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A joint report has accused Australia of ignoring claims of physical and sexual abuse of asylum-seekers detained offshore. Australia exiles asylum-seekers arriving by sea to two Pacific nations.
The scathing report by Human Rights Watch and Amnesty International said Wednesday that detainees on the Pacific island of Nauru, where Australia sends asylum-seekers, are routinely denied critical medical care, frequently attempt suicide and are subjected to assaults by local people.
"Few other countries go to such lengths to deliberately inflict suffering on people seeking safety and freedom," Anna Neistat, Amnesty's senior researcher, said in a statement.
Australia has faced international criticism for its refusal to accept any asylum-seekers who attempt to reach its shores by boat. It pays Nauru and the Pacific island nation of Papua New Guinea to hold them - often for years.
Journalists have been virtually banned from Nauru in recent years. But the report's authors said they were able to enter the country last month, spending 12 days interviewing 84 refugees and asylum-seekers.
Those interviewed said they were suffering from severe anxiety, depression and short-term memory loss. Both adults and children told interviewers they wanted to kill themselves.
"People here don't have a real life. We are just surviving," an unnamed woman on Nauru told researchers. "We are dead souls in living bodies. We are just husks. We don't have any hope or motivation."
Abuse, inhumane conditions and frequent suicide attempts at the detention camps have been reported for years. But Australia argues its uncompromising policies deter would-be asylum-seekers from making the potentially deadly voyage by sea.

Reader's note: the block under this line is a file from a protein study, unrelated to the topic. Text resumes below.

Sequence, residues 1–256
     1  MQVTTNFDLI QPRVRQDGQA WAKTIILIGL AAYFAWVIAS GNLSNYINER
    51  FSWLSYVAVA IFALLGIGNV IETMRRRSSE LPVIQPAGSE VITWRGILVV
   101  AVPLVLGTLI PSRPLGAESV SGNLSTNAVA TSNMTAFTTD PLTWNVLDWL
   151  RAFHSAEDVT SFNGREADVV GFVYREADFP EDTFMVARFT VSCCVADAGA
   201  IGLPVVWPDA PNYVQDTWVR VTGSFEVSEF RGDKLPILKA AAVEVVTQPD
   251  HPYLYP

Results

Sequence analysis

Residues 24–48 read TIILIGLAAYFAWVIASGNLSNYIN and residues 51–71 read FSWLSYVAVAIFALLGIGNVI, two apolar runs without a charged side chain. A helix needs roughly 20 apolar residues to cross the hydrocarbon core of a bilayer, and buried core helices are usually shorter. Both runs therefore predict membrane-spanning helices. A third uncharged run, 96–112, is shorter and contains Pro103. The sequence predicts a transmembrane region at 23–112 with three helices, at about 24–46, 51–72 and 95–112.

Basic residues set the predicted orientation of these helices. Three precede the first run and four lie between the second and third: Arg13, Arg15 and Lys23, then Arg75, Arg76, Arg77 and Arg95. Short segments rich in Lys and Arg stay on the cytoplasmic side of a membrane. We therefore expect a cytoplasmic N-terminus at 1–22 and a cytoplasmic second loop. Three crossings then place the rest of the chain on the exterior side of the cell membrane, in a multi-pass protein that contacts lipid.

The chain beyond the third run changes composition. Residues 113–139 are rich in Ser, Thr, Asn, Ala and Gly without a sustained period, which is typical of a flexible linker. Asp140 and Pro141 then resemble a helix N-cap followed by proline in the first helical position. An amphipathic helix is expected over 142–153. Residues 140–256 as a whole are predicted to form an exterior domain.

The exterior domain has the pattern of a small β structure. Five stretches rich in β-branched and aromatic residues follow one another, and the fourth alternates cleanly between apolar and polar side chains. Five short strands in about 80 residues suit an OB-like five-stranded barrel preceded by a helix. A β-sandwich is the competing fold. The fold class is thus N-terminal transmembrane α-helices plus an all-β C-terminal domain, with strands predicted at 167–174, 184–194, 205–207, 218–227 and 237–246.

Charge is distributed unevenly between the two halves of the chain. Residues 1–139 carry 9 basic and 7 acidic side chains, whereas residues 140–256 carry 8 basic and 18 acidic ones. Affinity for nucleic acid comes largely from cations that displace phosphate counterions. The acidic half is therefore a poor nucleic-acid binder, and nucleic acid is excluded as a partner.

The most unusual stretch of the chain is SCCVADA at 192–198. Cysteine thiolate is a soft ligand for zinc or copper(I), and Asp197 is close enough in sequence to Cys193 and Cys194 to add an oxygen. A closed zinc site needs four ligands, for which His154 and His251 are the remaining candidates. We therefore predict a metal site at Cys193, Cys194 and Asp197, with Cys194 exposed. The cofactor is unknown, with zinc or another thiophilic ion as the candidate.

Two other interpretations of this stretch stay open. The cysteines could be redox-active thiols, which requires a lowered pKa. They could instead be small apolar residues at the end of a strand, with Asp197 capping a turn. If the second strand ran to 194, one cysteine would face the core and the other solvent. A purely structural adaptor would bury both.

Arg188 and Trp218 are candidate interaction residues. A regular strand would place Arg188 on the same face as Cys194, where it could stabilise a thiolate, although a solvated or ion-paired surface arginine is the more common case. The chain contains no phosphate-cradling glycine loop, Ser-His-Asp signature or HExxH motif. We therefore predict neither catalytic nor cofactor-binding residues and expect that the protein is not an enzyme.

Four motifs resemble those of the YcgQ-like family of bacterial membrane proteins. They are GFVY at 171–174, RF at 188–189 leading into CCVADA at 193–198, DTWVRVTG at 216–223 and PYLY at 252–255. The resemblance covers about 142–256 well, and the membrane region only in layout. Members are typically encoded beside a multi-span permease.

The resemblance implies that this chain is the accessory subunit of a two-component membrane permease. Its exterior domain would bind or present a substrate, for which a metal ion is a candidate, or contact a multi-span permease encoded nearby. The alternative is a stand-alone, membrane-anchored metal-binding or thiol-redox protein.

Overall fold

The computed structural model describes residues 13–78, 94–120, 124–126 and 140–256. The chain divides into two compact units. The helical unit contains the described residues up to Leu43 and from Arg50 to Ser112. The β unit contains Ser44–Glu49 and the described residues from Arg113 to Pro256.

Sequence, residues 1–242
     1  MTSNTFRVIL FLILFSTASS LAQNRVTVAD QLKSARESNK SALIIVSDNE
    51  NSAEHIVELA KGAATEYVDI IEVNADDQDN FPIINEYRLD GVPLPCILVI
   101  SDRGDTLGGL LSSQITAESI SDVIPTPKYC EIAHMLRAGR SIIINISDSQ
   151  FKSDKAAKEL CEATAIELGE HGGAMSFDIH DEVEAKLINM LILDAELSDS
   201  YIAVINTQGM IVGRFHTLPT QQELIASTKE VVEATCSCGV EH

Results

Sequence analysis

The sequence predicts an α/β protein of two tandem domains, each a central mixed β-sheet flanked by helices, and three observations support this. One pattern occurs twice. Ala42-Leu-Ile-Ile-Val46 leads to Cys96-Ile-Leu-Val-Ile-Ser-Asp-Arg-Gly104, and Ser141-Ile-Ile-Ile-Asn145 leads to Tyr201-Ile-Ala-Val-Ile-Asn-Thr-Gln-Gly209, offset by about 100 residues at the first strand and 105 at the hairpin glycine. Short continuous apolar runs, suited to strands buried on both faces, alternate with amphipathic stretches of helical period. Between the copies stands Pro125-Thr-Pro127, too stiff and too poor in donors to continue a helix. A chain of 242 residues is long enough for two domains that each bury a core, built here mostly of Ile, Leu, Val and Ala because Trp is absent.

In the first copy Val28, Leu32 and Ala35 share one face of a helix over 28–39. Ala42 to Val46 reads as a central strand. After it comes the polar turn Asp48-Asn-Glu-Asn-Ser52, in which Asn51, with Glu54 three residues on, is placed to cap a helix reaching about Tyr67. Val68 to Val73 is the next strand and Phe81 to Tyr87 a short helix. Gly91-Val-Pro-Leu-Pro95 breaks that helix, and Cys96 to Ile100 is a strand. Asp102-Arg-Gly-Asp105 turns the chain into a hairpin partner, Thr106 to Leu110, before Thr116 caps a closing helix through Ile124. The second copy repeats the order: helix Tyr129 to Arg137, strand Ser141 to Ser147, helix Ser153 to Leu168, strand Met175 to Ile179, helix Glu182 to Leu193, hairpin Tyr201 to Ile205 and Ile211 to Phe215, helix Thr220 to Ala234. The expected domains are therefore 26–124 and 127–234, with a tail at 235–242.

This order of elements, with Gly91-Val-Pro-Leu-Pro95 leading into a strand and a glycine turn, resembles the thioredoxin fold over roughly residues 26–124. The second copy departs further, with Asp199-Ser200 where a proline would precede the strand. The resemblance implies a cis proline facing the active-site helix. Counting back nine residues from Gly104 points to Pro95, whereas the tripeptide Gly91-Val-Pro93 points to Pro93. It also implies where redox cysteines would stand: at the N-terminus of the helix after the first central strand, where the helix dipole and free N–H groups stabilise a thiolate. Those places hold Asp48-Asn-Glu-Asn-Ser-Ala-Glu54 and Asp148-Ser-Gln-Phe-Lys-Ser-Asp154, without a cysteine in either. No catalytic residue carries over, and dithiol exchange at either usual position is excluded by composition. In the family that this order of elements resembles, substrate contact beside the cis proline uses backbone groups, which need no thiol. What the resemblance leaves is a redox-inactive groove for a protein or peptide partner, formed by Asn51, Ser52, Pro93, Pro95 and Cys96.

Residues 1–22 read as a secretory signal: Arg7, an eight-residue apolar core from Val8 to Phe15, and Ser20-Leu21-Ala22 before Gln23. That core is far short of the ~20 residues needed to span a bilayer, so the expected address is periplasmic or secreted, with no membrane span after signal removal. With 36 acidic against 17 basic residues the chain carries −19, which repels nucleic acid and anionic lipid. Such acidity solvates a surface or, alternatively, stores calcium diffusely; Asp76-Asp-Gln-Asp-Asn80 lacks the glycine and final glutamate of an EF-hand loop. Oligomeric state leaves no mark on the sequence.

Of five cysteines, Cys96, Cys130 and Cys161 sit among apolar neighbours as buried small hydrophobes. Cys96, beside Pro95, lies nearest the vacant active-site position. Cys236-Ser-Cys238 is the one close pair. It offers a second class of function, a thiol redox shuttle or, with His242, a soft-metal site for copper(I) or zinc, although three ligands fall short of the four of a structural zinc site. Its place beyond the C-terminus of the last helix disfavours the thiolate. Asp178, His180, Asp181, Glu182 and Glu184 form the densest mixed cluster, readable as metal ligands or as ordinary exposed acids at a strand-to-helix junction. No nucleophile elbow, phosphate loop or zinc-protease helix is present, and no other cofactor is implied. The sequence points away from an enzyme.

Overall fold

Since last year, asylum-seekers held in the detention center have been allowed to leave the camp during the day, but many say they are too afraid to do so as they are the target of assaults, rapes and general harassment by islanders.
Australian government denies allegations
Australia's Department of Immigration and Border Protection complained that the rights groups did not consult with officials before releasing its report.
While the numbers of asylum-seekers trying to reach Australia are small in comparison to Europe, the issue is highly politicized
"We would strongly encourage Amnesty International to contact the department before airing allegations of this kind," the department said in a statement. "The department strongly refutes many of the allegations in the report."
But the department did not respond to a request from the Associated Press seeking details on what specific allegations it was refuting. Prime Minister Malcolm Turnbull has vowed not to get "misty-eyed" about the fate of people who attempt to reach Australian shores.
Some 442 asylum-seekers are being held in Nauru and another 854 on Manus Island, according to immigration department data ending June 30. But Papua New Guinea says it will close its Manus Island center after the country's Supreme Court found conditions were unconstitutional and illegal.
jar/kl (AP, AFP, Human Rights Watch/Amnesty International)